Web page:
Most new climbers have the misconception that climbing is about pulling yourself up the wall using mainly your arms, which is why they often get tired quickly and have poor technique.
Where and how you place your feet is far more important than your hands. The muscles of the legs are much stronger, and it is more efficient to push with the legs than to pull with the arms, which is why it is important to use the toe area of the foot as this gives greater reach and balance. This is where a close fitting shoe enables footwork to be precise even on the smallest of holds.
You must look for the obvious surface area of the hold and be in a good position to see your feet.This is no good unless you are able to move well on the wall.
Climbing is a dynamic activity. In order to move well, to flow up and across the wall you must develop the skill of moving your centre of gravity (around your tummy button), by transferring your weight onto one limb so you can release the pressure on one or more limbs so that you can move them.
Think of getting your nose over your toes – this transfers all your weight onto one foot so you can move the other foot.
You may also find that there often isn’t a foothold where you want one and beginners are often seen in contorted positions trying to get their foot onto the next hold. A simple solution is to use an intermediary technique, a smear, by applying pressure to the big toe area of one foot against the wall, keeping it horizontal in order to move the other foot to a better hold or do a foot swap – the tablecloth, the bunny hop, the dead point, the creep and the share to name but a few…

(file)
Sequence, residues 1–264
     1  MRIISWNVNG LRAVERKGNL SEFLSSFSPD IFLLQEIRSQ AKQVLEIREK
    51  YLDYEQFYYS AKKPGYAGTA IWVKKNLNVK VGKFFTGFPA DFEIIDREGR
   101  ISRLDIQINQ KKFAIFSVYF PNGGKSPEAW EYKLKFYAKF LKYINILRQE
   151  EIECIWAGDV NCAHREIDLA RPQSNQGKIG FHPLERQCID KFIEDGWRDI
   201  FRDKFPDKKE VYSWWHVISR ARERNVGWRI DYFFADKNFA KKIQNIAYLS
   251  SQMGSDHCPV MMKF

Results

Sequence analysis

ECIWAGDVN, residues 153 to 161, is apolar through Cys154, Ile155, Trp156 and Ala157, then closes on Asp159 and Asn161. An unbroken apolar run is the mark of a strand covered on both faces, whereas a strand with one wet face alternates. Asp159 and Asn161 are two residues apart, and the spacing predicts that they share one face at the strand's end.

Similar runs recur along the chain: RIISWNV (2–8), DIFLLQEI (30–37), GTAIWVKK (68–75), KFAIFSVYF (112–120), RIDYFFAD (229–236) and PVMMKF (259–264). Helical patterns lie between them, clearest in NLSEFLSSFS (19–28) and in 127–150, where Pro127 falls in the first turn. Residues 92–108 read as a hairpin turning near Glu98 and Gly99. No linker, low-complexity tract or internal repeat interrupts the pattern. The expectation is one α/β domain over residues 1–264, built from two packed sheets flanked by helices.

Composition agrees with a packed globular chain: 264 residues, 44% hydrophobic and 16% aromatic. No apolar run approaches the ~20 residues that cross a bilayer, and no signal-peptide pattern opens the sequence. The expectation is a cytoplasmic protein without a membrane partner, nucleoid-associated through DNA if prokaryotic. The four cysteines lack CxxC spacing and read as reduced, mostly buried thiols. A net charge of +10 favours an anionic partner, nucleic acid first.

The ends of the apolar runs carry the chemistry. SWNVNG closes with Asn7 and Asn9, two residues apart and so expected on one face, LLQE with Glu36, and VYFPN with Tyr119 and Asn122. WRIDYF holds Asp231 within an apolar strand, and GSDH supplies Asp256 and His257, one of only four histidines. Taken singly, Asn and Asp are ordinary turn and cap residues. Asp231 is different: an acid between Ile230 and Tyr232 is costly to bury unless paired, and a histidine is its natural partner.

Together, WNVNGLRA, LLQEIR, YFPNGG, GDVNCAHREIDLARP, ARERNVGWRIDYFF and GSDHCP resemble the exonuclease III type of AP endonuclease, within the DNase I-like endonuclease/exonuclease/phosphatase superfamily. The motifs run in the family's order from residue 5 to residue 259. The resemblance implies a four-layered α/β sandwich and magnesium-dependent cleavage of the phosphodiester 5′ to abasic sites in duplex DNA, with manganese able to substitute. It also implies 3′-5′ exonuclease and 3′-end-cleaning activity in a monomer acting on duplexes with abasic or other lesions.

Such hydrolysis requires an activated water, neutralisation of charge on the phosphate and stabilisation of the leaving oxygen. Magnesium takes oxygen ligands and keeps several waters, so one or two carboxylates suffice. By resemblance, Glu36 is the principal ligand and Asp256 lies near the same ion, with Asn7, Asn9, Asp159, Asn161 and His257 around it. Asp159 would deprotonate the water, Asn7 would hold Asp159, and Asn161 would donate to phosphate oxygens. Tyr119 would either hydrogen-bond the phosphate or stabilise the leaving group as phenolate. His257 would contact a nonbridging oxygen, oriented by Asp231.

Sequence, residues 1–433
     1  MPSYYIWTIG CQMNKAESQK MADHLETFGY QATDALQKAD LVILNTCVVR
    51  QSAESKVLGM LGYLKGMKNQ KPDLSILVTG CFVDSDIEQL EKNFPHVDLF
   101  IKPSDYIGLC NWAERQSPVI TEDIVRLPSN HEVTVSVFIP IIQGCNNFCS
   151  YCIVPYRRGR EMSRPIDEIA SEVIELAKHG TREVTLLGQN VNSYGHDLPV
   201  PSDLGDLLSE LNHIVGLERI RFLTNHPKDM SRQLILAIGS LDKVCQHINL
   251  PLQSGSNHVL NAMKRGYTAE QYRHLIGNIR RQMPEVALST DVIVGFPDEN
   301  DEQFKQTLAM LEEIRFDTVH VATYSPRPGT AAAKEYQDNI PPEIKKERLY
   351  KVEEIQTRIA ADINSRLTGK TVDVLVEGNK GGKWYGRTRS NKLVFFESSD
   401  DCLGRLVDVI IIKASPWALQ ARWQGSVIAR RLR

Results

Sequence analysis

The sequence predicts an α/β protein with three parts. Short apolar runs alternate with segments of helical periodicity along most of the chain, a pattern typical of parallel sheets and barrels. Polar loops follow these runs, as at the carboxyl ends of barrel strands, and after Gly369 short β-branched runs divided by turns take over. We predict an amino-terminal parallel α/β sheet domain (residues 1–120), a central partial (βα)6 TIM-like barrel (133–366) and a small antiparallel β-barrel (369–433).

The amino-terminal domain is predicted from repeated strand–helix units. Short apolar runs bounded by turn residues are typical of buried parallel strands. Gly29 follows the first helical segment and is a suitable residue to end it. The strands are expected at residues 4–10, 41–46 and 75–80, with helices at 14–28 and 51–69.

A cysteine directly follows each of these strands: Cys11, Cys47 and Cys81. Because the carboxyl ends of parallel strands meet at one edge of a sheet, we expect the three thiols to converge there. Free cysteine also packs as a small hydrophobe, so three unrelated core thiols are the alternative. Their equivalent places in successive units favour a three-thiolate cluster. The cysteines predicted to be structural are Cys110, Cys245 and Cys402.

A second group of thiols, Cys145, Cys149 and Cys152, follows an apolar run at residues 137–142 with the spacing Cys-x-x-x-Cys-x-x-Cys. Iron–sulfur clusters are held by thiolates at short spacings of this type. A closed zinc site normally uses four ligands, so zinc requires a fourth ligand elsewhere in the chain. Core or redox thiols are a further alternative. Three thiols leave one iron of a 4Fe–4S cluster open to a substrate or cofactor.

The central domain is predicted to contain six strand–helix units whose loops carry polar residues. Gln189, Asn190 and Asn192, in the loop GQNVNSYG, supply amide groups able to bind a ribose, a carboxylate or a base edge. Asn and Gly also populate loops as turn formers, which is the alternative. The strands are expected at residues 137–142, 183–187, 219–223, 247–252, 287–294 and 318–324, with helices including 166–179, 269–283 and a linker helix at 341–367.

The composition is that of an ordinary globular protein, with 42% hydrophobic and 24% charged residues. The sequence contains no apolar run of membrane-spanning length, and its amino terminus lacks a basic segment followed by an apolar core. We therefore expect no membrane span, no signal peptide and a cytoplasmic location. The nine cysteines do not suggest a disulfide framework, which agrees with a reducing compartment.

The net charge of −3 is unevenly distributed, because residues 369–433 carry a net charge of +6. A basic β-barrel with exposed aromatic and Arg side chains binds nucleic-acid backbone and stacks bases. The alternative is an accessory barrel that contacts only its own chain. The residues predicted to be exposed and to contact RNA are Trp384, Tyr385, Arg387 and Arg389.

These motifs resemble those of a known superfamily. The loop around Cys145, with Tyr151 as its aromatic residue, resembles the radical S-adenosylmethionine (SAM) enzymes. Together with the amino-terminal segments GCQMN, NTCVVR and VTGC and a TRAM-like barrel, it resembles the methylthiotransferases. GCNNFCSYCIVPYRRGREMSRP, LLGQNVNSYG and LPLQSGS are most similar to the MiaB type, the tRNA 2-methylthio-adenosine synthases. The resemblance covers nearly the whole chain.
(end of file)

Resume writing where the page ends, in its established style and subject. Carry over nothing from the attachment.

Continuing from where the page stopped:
Choosing a climb at an indoor wall isn’t just about finding the climb and knowing the grade but choosing a route that is suitable. It is always best to start on easier climbs in order to warm-up the body to prevent injury and prepare the body. Warm-up routes are a good opportunity for the climber to concentrate on specific techniques on easier terrain such as good footwork, straight arm technique, twisting the body and pushing with the legs.
It is often the case that climbers choose climbs that are too difficult for them which means more time is spent hanging on the rope than developing their technique. Obviously climbers need to push themselves in order to improve, but unless they have good technique to begin with, their climbing will plateau and they won’t know why. If you feel you have plateaued you can always try an improvers coaching course